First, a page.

One of the common questions arising from the development of autonomous (self-driving) cars is how liability will be determined if someone is injured due to a hardware or software problem. In a car accident today involving human drivers, one or more of the drivers is nearly always at fault, except in relatively rare situations involving a defect in the roadway, improper maintenance, or a defective car or car part, leading to a product liability claim. As the Associated Press has reported, California recently considered, and rejected, a rule that would have significantly limited the liability of a manufacturer where a vehicle problem led to a crash. Nevertheless, it remains unclear how cases will be handled when and if self-driving cars become commonplace on the highway.
Current Georgia automobile insurance and product liability law
Under current law in Georgia, all vehicles on the road must carry liability insurance (or be self-insured under strict regulations set out by the Georgia Insurance Commissioner. When that vehicle's driver causes an accident, the insurance covering the vehicle is available to compensate a person injured by a negligent driver. But this presumes that a human driver is responsible for the wreck and resulting injury. If a defect in the vehicle itself somehow causes an injury, and there is no negligence on the part of a human driver, the person (or multiple people) injured may be able to pursue a product liability claim against the vehicle manufacturer, or the manufacturer of the part that failed. For example, if a vehicle loses control due to a defective tire, someone injured as a result may be able to pursue compensation through a product liability claim. Or, a seat belt or airbag may fail to function properly, resulting in a serious injury even where the underlying wreck may have otherwise been minor.
Product liability claims, however, are complex, and often involve years of litigation. They are also costly, often involving tens or even hundreds of thousands of dollars in out-of-pocket expenses to prove the case, far beyond the amount that could reasonably be justified in many auto accident cases. For example, Georgia product liability cases often require extensive document review of corporate documents, including investigation of the product design and testing, as well as expert testimony involving the safety of a particular design. Therefore, product liability claims may not be feasible or practical in cases involving serious, but not catastrophic damages, and would likely rarely be possible in minor injury cases due to the enormous costs involved.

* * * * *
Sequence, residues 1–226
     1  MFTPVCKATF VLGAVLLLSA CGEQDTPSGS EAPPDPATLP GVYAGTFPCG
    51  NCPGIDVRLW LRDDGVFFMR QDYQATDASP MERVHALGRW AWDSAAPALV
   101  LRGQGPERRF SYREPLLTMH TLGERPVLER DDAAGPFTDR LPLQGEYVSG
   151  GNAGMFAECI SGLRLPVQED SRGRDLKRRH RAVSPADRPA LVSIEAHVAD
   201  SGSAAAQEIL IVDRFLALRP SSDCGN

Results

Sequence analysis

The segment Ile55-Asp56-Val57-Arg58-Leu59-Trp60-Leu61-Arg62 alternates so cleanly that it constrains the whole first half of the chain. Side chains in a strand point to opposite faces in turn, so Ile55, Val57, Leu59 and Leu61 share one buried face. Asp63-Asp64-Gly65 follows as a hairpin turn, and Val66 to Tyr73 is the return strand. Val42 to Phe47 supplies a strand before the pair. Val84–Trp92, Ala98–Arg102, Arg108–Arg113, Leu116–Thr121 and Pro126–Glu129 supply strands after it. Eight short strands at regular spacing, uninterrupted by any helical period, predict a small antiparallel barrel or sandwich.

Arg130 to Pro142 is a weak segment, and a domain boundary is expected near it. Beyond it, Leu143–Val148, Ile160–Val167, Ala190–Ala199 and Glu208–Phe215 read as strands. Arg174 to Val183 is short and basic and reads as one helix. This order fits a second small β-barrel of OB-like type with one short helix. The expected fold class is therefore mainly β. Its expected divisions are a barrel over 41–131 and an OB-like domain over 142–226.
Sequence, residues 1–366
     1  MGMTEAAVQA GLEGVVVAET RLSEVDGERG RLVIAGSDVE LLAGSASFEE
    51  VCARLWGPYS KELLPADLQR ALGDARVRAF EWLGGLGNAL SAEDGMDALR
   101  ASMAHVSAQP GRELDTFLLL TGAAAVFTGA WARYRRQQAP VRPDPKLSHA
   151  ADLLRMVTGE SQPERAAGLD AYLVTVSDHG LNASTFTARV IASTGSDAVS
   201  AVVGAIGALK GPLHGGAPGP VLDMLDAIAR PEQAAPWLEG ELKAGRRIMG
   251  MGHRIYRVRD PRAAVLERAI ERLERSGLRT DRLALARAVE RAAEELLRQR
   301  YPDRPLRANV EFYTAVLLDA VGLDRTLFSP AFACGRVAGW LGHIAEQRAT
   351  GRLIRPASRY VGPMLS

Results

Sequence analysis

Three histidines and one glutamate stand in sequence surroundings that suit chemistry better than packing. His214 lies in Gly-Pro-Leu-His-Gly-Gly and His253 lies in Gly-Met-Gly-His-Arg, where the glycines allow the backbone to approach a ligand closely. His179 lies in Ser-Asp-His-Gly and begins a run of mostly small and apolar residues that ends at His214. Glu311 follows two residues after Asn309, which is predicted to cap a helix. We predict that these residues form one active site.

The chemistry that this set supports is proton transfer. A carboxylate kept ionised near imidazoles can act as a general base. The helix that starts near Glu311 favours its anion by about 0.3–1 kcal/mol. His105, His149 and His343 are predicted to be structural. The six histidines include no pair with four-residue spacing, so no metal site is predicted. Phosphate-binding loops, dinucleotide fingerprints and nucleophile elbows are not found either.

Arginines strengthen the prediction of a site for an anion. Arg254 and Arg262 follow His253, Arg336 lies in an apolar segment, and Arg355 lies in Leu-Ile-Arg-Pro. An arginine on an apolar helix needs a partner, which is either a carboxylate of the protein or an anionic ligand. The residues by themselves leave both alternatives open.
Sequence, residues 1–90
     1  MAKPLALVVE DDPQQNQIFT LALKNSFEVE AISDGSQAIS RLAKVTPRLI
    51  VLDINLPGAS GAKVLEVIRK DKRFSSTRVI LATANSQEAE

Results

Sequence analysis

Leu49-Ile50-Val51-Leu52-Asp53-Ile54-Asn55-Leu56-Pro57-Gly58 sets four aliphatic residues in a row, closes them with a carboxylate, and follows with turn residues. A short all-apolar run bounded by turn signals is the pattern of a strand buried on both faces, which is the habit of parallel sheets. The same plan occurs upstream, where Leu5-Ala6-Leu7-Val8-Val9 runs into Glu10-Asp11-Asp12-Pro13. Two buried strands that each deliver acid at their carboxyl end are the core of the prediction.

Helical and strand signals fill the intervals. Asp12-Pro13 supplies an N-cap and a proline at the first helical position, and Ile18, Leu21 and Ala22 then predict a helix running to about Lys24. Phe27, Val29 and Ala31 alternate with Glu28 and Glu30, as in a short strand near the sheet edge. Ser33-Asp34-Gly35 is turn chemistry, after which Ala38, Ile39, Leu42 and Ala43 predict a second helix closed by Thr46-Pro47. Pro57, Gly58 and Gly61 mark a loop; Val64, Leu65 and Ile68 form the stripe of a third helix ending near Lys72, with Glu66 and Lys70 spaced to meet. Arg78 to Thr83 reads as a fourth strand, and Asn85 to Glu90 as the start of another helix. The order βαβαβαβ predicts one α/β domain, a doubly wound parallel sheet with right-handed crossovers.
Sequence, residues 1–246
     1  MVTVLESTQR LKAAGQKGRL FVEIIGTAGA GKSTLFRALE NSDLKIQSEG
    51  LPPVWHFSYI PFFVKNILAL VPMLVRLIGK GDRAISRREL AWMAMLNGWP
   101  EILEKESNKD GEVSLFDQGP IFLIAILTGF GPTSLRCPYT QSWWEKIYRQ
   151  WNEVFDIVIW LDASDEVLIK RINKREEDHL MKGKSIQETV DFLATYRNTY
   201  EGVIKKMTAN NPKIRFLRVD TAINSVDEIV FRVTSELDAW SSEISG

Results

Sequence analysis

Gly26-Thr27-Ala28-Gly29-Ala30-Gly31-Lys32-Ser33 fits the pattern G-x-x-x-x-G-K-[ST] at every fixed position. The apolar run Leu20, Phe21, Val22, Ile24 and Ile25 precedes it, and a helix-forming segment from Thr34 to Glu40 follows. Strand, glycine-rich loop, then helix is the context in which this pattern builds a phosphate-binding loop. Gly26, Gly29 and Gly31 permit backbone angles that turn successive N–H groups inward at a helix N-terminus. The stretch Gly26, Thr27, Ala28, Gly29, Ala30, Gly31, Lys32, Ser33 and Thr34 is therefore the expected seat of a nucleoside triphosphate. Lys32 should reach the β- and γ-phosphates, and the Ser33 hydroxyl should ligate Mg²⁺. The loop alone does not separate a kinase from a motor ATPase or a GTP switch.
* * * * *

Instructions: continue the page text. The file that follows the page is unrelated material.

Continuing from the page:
Under the current law, in Georgia at least, this could leave innocent motorists and passengers without an adequate remedy if injured due to a defect in either the hardware or software of a self-driving car. Although Georgia provides for medical payments coverage (sometimes called "Med Pay"), which covers medical expenses regardless of fault, this coverage is not required, and often provides only very limited coverage even where it is available. It provides no compensation for lost income or pain and suffering damages, and would not provide compensation under Georgia's wrongful death law.
California's rejected approach
The proposal recently rejected in California, which was based on a suggestion made by General Motors, would have protected manufacturers from liability if the vehicle was not maintained in accordance with manufacturer specifications. While proper vehicle maintenance is important - in fact, a vehicle driver or owner can be liable if the vehicle is not properly maintained and as a result a person is injured - in reality many vehicles have at least minor variances from manufacturer specifications. As the AP noted in an earlier article, for example, "manufacturers might avoid liability if the tires on self-driving cars are slightly underinflated or even if the oil hasn't been changed as regularly as manufacturers suggest," a concern raised by Armand Feliciano of the Association of California Insurance Companies. The proposed rule "could open a loophole for automakers to skirt responsibility for accidents, injuries and deaths caused by defective autonomous vehicles," noted Mr. Feliciano. In such cases, those injured and killed by self-driving cars may be left without compensation. The proposal's rejection was called "a major victory for consumers" by a spokesman for the non-profit group Consumer Watchdog.
California plans to adopt rules for autonomous cars next year. Though the rules will have no application in Georgia, other states may follow California's lead, since it is the scene of large-scale testing of self-driving cars. It remains to be seen how Georgia will handle this issue.